The Straits of Tiran are often sought after by advanced divers in Sharm el-Sheikh. This is due to the fact that the area features strong currents and deeper sites than found elsewhere around the Sinai Peninsula. That doesn’t mean there isn’t also plenty for beginners to explore. Everyone is bound to enjoy the crystal clear visibility and colorful underwater world found in the Straits of Tiran.There are four coral reefs in a line across the Strait, namely Jackson Reef, Woodhouse Reef, Thomas Reef and Gordon Reef. These were named after the British cartographers who created the first nautical map of the region. Today, divers can enjoy coral reef plateaus teeming with fish and steep wall drop-offs which offer exciting pelagic encounters. In particular hammerhead sharks and the occasional tiger shark arrive on the strong currents that make diving in the Strait a perpetual adventure. A series of wrecks stand on the edges of the reefs as a warning to passing ships. A few of these are within recreational limits and offer a bit of variety to divers in the area.The Straits of Tiran can only be reached by an hour and a half boat ride from Sharm el-Sheikh. Diving season is year-round. This part of Egypt experiences warm winters and very hot summers, however water temperatures can vary significantly in the Red Sea. Expect the warmest water temperatures to occur in August with an average of 82°F (28°C). The coolest water temperatures are recorded in February (72°F/22°C) when a 5mm wetsuit may be necessary to dive comfortably. Visibility remains a fairly constant 65 feet (20 meters). Between the four pristine reefs, fantastic pelagic action and interesting wrecks, you will be spoilt for choice in the Straits of Tiran.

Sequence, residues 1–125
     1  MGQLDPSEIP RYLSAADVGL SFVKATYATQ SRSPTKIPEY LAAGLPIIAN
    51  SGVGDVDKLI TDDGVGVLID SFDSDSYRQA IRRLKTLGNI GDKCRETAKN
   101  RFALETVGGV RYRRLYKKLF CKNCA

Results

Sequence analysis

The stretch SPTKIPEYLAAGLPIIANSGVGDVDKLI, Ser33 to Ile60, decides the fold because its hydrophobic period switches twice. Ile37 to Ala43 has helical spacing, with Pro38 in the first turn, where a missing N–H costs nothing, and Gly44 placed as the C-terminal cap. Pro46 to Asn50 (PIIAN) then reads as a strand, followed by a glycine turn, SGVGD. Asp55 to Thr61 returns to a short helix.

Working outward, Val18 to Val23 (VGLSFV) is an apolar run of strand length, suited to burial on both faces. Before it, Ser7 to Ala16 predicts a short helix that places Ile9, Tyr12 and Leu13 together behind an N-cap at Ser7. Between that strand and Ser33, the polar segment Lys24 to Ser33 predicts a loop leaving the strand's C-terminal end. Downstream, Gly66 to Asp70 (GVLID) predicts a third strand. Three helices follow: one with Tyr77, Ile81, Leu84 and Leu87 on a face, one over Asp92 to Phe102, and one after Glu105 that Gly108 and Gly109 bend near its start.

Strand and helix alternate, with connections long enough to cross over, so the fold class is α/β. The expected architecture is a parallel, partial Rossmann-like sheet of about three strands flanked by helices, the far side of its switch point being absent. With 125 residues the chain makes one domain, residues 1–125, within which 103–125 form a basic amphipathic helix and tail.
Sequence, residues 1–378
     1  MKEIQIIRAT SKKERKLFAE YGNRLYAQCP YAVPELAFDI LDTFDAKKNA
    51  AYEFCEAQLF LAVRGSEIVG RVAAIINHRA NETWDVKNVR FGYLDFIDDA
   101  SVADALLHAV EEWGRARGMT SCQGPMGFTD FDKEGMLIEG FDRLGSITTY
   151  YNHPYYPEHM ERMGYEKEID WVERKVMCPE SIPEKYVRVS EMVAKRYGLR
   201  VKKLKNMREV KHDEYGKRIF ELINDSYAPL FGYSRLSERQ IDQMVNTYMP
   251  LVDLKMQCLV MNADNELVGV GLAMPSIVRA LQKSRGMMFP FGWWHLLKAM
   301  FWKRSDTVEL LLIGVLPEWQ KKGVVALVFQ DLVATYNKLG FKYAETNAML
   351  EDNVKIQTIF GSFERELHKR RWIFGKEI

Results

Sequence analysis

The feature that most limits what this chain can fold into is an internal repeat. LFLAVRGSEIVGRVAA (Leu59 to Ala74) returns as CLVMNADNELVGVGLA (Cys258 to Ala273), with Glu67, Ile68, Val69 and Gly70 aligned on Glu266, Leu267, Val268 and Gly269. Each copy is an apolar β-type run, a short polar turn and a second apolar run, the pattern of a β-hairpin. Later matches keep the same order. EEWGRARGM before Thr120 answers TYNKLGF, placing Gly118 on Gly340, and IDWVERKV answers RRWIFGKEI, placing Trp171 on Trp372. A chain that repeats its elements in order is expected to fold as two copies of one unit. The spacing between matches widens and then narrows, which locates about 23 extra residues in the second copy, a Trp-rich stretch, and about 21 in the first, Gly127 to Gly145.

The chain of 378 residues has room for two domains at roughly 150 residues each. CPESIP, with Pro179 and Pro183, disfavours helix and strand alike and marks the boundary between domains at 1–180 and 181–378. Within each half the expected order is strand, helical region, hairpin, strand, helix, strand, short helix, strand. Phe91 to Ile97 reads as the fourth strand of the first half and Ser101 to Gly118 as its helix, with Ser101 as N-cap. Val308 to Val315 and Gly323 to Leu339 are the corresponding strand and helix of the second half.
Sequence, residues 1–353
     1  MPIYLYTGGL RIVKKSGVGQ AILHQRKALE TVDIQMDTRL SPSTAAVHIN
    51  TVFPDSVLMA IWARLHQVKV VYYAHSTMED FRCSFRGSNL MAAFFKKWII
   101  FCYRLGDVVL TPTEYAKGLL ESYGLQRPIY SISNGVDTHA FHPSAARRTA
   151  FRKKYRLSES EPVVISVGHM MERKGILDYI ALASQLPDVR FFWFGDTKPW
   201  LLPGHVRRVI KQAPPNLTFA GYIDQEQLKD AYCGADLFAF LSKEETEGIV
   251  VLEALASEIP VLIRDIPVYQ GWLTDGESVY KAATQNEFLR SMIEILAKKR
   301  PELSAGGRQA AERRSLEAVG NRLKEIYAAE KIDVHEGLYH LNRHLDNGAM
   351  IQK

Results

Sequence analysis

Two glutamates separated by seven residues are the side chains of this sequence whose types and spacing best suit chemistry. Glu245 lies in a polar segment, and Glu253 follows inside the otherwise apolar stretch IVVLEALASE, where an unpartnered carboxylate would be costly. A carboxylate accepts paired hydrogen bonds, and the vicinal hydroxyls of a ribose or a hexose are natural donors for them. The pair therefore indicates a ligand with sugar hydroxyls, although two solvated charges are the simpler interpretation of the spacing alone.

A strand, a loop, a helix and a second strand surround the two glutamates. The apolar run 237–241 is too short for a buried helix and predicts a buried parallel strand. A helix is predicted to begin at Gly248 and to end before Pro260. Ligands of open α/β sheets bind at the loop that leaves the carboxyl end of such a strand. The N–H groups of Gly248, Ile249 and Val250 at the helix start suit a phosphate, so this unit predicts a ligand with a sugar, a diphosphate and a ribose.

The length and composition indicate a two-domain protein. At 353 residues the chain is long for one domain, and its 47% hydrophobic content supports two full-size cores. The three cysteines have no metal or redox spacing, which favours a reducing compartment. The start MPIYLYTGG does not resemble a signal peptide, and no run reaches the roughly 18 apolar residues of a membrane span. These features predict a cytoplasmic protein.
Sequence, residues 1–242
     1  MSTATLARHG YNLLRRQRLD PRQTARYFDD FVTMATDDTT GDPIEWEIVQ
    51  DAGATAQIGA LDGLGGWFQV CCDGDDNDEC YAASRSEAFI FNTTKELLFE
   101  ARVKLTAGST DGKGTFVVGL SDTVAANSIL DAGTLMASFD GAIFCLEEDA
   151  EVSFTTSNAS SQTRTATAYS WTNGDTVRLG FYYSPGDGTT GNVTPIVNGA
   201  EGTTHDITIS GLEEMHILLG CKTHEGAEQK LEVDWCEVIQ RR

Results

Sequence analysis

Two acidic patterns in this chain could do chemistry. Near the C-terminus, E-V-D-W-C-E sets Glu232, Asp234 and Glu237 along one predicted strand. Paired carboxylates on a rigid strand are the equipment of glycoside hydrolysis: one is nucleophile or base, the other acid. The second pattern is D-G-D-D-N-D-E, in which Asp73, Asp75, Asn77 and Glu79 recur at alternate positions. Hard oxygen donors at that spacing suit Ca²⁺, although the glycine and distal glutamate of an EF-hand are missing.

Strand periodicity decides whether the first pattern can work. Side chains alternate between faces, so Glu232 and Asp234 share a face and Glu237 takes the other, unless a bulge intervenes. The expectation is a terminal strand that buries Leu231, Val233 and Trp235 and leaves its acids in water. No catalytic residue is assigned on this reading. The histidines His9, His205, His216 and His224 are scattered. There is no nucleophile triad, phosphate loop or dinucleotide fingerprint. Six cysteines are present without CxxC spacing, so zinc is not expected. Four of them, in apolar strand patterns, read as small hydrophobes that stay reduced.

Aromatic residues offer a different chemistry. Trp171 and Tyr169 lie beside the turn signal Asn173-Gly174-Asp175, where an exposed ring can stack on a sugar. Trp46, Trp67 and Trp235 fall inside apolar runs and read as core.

Straits Of Tiran Sea Life
The reefs in the Straits of Tiran host some of the best marine life in the region. Orange and purple anthias crowd the water and an abundance of reef fish, including some of the area’s endemics, are a treat for the eyes. Tuna, reef sharks and barracuda patrol the reefs. Jackfish and batfish can be spotted in the blue while grouper and puffer fish shimmer around the reef. On the larger side of things, divers can expect to see turtles, humphead wrasse and a variety of moray eels. Lucky divers might spot hammerhead sharks or an occasional tiger shark on Jackson Reef between July and September. Although rare, whale sharks can sometimes be seen feeding near the reefs.
How To Get There
Most visitors who wish to dive the Straits of Tiran enter through Sharm el-Sheikh Airport and stay in the city of the same name. The airport welcomes daily flights from around the world as well as commuter flights from Cairo. Divers may wish to consider a North Red Sea liveaboard rather than taking a day trip from Sharm el-Sheikh. The boat trip from Sharm el-Sheikh takes 1 1/2 hours.